Like in an ultramarathon (or relationship), when investing, it’s easy to go too hard early. Success requires patience.
Watching the share prices of Citigroup (NYSE: C), Wells Fargo (NYSE: WFC) and Bank of America (NYSE: BAC) languish after releasing third quarter earnings that I thought were pretty good reminded me of that…
I went into this earnings season expecting that a drop in loan-loss provisioning would be the catalyst that would move bank shares higher.
I was right about the big improvement in loss reserves.
Citigroup’s provision for credit losses dropped from $7.9 billion in the second quarter to just $2.26 billion in the third quarter.
Wells Fargo’s provisions fell from $8.4 billion to just $769 million. Bank of America’s provisions declined from $5.1 billion to only $1.4 billion.
These declines exceeded my optimistic expectations, yet they failed to light a fire under the stock prices of the banks. Instead, the share prices of these companies dropped.
Instead of feeling relief that the worst of loan-loss provisioning is now behind us, the market focused on the damper that low interest rates are putting on lending income.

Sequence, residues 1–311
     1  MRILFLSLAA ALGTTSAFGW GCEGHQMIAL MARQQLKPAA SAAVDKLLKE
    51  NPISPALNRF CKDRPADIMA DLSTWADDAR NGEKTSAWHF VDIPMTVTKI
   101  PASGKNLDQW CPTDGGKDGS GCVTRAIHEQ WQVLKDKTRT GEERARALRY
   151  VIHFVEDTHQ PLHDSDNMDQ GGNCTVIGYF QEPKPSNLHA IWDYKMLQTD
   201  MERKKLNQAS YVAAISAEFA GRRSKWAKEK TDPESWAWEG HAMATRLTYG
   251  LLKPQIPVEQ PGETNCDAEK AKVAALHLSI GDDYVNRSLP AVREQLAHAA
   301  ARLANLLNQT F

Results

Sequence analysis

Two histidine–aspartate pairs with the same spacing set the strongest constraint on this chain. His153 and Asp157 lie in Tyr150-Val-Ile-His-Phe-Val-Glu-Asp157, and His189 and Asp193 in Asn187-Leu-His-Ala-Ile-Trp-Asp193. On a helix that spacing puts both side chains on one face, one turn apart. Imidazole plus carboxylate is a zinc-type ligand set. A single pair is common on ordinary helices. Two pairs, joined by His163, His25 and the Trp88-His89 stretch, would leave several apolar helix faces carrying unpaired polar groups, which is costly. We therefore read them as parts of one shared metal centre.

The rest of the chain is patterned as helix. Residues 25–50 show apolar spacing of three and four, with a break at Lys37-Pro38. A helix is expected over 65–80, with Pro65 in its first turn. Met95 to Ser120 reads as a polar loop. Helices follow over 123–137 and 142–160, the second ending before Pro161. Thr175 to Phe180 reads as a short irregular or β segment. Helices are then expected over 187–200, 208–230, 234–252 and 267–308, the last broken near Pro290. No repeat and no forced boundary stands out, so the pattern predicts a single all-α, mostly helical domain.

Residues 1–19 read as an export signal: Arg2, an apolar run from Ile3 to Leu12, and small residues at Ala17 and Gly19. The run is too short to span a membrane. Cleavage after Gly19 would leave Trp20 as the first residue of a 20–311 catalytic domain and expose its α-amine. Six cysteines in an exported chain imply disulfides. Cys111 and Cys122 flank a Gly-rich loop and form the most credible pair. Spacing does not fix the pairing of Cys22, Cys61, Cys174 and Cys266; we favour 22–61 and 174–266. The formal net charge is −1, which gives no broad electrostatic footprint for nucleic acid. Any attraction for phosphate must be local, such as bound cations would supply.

It’s a legitimate concern…
And with the Fed signaling low rates for the foreseeable future, interest rates are going to be a headwind for banks’ earnings growth for a while.
While low rates aren’t helpful, when I look at the big banks, I see stocks that are historically cheap on traditional valuation metrics.
Citigroup and Wells Fargo especially, which are trading at just 50% of book value, are almost comically inexpensive.
Combine that with the fact that the balance sheets of the banks are also historically strong, and these rock-bottom valuations are even more appealing.
Given these valuations and the fact that shares could easily double, the downside is virtually nonexistent.